The Government of God
James Hannington, Bishop of Eastern Equatorial Africa, and his Companions, Martyrs, 1885
To read about our daily commemorations, go to our Holy Women, Holy Men blog:
Today's Readings for the Daily Office (Book of Common Prayer, p. 991)
Psalms 40, 54 (morning) 51 (evening)
Ecclesiasticus* 34:1-8, 18-22
* found in the Apocrypha; also known as the Wisdom of Jesus Son of Sirach
"Do not be afraid, little flock, for it is your Father's good pleasure to give you the kingdom." That's Jesus' conclusion to a beautiful teaching telling his followers not to be anxious. "Do not worry about your life, what you will eat, or about your body, what you will wear." God feeds the ravens and clothes the fields with flowers. If God loves these, how much more does God love us.
Surrounding his encouragement Jesus presents contrasting ways of being in the world. "Be on your guard against all kinds of greed," he says. Then Jesus tells the story of one who has saved up an ample nest egg for secure retirement, and dies upon reaching his financial goal. That's the first way of being in the world. Jesus says it is a false path.
The other way that Jesus commends is this: "Sell your possessions, and give alms. Make purses for yourselves that do not wear out, an unfailing treasure in heaven, where no thief comes near and no moth destroys. For where your treasure is, there your heart will be also." But note. This phrase comes just after Jesus' promise that the Father will give the kingdom to his little flock.
The Kingdom of God is Jesus' primary metaphor. He says it is his mission to bring the kingdom. In his ministry the kingdom draws near. Everything about the kingdom is about how life is to be on earth as it is in heaven. The kingdom is how it would be if God ruled, instead of Caesar and Herod and Pilate. It is a very material, earthy metaphor.
Since we are unfamiliar with kings and kingdoms, for us it might be better rendered the government of God or the politics of God. The government of God is one that is not founded on greed and increased wealth. In the government of God we can be unanxious and secure because everyone will be fed, everyone will be clothed. Possessions will be less important than generosity. The government of God searches for the lost lamb and the widow's penny, and rejoices when they are found.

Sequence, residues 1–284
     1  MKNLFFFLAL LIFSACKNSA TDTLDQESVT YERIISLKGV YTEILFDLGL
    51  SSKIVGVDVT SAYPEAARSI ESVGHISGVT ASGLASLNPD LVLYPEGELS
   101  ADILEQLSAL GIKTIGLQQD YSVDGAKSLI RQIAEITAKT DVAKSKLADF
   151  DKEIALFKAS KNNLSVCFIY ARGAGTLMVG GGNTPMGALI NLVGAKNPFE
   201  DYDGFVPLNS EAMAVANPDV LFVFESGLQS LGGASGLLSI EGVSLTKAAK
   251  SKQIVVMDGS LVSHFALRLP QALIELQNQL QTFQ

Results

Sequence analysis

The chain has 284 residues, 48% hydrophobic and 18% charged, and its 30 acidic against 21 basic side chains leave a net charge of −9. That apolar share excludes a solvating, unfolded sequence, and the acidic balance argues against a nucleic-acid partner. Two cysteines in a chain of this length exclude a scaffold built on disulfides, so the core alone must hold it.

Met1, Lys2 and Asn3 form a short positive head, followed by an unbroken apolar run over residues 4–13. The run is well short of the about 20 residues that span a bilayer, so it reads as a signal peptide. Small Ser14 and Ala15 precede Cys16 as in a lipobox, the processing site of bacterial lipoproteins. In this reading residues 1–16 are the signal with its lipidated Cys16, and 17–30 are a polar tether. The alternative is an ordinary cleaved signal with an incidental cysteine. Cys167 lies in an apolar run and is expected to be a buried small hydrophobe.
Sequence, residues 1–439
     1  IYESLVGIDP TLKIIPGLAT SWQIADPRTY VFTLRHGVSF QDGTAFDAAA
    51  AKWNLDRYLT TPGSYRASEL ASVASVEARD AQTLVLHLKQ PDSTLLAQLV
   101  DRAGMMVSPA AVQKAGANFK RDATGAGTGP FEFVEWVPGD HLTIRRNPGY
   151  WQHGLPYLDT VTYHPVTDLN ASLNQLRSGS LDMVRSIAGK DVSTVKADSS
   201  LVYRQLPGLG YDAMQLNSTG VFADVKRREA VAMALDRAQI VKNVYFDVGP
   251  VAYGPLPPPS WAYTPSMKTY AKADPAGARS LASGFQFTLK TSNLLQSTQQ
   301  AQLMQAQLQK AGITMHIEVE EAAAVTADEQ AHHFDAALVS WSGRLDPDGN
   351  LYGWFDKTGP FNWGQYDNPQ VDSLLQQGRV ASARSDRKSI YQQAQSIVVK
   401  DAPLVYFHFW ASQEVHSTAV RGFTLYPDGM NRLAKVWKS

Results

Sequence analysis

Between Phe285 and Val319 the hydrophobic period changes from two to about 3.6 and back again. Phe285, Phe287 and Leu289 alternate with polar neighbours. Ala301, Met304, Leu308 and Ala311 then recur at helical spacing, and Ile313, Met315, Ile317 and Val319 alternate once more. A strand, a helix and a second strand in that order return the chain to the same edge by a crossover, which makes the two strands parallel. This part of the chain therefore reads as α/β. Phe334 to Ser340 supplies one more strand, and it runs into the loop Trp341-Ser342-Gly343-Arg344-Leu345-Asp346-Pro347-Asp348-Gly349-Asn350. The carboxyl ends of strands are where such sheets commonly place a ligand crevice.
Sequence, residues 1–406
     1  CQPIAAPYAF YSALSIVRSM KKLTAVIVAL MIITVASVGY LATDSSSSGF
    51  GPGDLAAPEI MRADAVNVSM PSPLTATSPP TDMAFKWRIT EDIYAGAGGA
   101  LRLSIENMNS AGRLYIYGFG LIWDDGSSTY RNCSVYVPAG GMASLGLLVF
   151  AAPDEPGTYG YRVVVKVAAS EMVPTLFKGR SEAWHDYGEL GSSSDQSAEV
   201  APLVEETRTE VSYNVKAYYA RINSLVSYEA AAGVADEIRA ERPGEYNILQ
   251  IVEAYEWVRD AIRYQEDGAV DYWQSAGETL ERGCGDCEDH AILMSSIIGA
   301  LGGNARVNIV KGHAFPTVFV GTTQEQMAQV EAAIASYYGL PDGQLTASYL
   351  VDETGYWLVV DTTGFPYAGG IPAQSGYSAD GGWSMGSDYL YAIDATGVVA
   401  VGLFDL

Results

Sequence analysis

Whenever Jesus spoke of the kingdom of God, his hearers knew he was speaking political words. He was killed by Rome as an enemy of the state.
In that tradition, John the Divine offers another metaphor. He uses code language to speak of Empire, first as a dragon. John uses traditional language, first describing the dragon as a beast from the sea, the ancient sea monster leviathan. He borrows details from Daniel's beasts (Dan. 7). In verse three, John says that one of the heads of the multi-headed beasts received a death-blow, but was healed. Most commentators say John is probably speaking of Julius Caesar who was assassinated, but the beast of the empire continued. Julius was the first of the emperors to claim he was divine. Successive emperors claimed to be sons of the divine. These are the blasphemous words the beast utters.
Again John declares that the period of evil is limited -- forty-two months, a symbolic number meaning broken and incomplete -- half of seven, the number of wholeness.
John advises the community not to try either escape or armed resistance, but rather perseverance (vs. 10). "Here is a call for the endurance and faith of the saints."
So it is for us. Beware of greed and of the blasphemy of government. Political parties are always arrogant and idolatrous. When evil politics prevail, do not flee or use violence -- persevere. The period of evil is limited.
Align yourself with the government of God, the politics of God. Let your allegiance be with generosity and compassion, especially for the poor, the weak and the vulnerable. Seek the kind of equity Jesus preaches about so radically in his parable of the workers in the field who all received their daily wage. Support the economy of the Lord's Prayer, where everyone has their daily bread and debts are forgiven. Let your treasure be your persevering loyalty to the politics of God, an unfailing treasure where no thief comes near and no moth destroys. Persevere. Love, compassion, economic justice, and generosity are the treasures of the unanxious kingdom. Where your treasure is, there will your heart be also.
Audio podcast: Listen to an audio podcast of the most recent Morning Reflections from today and the past week. Click the following link:
-- Morning Reflection Podcasts
About Morning Reflections
"Morning Reflections" is a brief thought about the scripture readings from the Daily Office of Morning and Evening Prayer according to the practice found in the Book of Common Prayer of the Episcopal Church.
Morning Prayer begins on p. 80 of the Book of Common Prayer.
Evening Prayer begins on p. 117
An online resource for praying the Daily Office is found at missionstclare.com -- Click for online Daily Office
Another form of the office from Phyllis Tickle's "Divine Hours" is available on our partner web site www.ExploreFaith.org at this location -- http://explorefaith.org/prayer/fixed/index.html -- Click for Divine Hours
Discussion Blog: To comment on today's reflection or readings, go to http://lowellsblog.blogspot.com, or click here for Lowell's blog find today's reading, click "comment" at the bottom of the reading, and post your thoughts.
The Mission of St. Paul's Episcopal Church
is to explore and celebrate
God's infinite grace, acceptance, and love.
See our Web site at www.stpaulsfay.org
Our Rule of Life:
We aspire to...
Lowell Grisham, Rector
St. Paul's Episcopal Church